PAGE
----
As we've already seen, 2020 was a banner year for rowing books (examples here, here and here). With rowing dormant for much of last year, at least in the States, the void was filled with stories of transformation and triumph, athletic achievement and personal growth. And while all of these books definitely showcased rowing as a sport, only a few of them touched on rowing as an idea.
This gap is now filled with the arrival of Phil Stekl's coffee table book "The Wondrous Sport of Rowing." A slim, oversize volume of verse and photography, Stekl's book clearly means to remind us of all of the things we love about rowing, the deep pull of gliding along on the water.
The book defies easy description; you could call it a poetry book, a photography book, a work of whimsy--whatever word you use, you'd be right. The photos, beautifully showcased in the book's oversize format, span rowing details from competition to landscapes (and even include some in the style of Walter Wick's "I Spy" series). The accompanying verse ranges from lighthearted to deep, and touches on the rowing themes of nature, mystery, and a host of others.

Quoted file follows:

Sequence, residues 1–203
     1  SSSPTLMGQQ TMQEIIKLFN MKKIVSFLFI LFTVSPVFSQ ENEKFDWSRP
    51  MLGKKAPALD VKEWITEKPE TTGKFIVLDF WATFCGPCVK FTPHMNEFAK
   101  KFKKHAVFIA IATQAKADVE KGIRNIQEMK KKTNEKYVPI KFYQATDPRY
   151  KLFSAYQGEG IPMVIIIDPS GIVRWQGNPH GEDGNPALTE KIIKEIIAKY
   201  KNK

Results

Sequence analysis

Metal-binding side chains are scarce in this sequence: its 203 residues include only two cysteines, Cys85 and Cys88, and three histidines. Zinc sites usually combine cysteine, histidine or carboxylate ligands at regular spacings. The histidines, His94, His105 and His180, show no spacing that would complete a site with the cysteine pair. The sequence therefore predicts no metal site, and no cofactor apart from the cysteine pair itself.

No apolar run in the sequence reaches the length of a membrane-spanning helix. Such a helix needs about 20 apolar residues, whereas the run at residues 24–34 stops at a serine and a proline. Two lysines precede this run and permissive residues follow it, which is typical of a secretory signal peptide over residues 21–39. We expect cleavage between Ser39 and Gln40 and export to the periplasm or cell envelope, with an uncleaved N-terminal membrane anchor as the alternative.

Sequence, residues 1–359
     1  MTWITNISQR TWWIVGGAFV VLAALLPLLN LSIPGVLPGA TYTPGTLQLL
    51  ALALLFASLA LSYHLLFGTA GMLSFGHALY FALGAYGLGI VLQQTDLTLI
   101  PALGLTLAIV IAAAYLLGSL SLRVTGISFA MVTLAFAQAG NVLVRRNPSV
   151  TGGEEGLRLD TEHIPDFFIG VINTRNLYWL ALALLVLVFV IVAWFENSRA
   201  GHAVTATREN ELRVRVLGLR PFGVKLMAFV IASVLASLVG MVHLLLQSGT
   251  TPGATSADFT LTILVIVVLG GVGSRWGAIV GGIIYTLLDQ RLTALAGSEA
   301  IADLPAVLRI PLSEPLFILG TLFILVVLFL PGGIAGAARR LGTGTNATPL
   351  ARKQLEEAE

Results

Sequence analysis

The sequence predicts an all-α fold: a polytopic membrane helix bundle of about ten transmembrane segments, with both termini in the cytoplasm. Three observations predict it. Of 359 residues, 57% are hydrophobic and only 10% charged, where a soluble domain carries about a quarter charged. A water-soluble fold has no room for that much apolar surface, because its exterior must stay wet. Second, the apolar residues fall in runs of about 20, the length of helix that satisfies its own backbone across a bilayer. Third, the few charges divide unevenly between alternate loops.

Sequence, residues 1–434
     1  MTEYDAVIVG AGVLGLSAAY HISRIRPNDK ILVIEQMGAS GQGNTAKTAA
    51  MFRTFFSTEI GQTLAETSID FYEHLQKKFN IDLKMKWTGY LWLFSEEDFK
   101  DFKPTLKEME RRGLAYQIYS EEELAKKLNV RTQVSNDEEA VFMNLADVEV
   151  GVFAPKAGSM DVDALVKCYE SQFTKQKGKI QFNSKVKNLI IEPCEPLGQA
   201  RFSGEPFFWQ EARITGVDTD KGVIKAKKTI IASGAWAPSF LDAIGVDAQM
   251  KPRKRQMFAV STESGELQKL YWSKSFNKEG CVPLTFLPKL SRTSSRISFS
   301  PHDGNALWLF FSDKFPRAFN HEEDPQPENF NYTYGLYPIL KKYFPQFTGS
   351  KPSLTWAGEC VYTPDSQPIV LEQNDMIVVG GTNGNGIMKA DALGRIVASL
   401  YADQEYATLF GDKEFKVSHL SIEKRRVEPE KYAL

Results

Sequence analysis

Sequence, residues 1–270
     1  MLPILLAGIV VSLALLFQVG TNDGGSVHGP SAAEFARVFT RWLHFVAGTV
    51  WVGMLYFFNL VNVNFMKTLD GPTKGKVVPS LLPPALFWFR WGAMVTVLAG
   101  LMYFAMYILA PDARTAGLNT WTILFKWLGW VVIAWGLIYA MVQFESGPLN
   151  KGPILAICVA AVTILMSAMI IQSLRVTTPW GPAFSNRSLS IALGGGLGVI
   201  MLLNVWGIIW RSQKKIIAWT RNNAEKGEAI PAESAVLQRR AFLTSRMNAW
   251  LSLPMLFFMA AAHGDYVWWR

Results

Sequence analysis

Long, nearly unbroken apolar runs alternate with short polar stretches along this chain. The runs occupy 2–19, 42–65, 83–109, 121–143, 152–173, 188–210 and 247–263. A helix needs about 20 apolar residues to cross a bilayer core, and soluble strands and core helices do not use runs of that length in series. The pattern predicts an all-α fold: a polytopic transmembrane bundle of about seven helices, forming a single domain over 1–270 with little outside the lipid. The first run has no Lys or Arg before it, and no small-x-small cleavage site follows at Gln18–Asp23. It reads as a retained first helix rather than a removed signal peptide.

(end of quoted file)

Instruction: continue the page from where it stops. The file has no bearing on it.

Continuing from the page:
It's great fun; accompanying a two page spread of a group of Junior Boys racing past a very clearly naked group of sunbathers, Stekl pairs the photo with this verse:
"Junior only to the codes that keep one afloat
Is the cardinal rule in rowing matters cutthroat
Exhorted by all seasoned coaches, and I quote:
'No matter what, Scout, keep your eyes in the boat!'"
Stekl is not a newbie to any of this; a member of the 1980 and 1984 US Olympic teams, Stekl has truly spent decades watching the sport, and after retiring to Austria after a long financial career in the US, he's clearly enjoying himself. Nor is Stekl a novice photographer, and some of his images are stunning (one, which I won't spoil here, involves a single sculler and a swan in a way very few people, if any, have ever experienced). His new surroundings in Austria certainly don't hurt his cause (or the backgrounds of his pictures, whew), but Stekl would certainly be capable of producing these fine views from anywhere.
As Stekl's former USA teammate John Chatzky states in the book's introduction, "we train, we compete, we race and we are all driven by a desire to excel and to win but we are equally thrilled by the beauty of the motion, the sounds we experience together, the joy of the run of the shell beneath us and the wonders that surround us. All of this has been captured in this book."
51% of the proceeds from the sale of the book will be donated to the Kafue River & Watershed Center in Zambia, a cooperative effort between WorldRowing and the World Wide Fund for Nature.
As light as Stekl's book is, after a year where a whole lot of folks did not get to row as much as they might have liked, this might be the book that all folks who truly love rowing need at this juncture.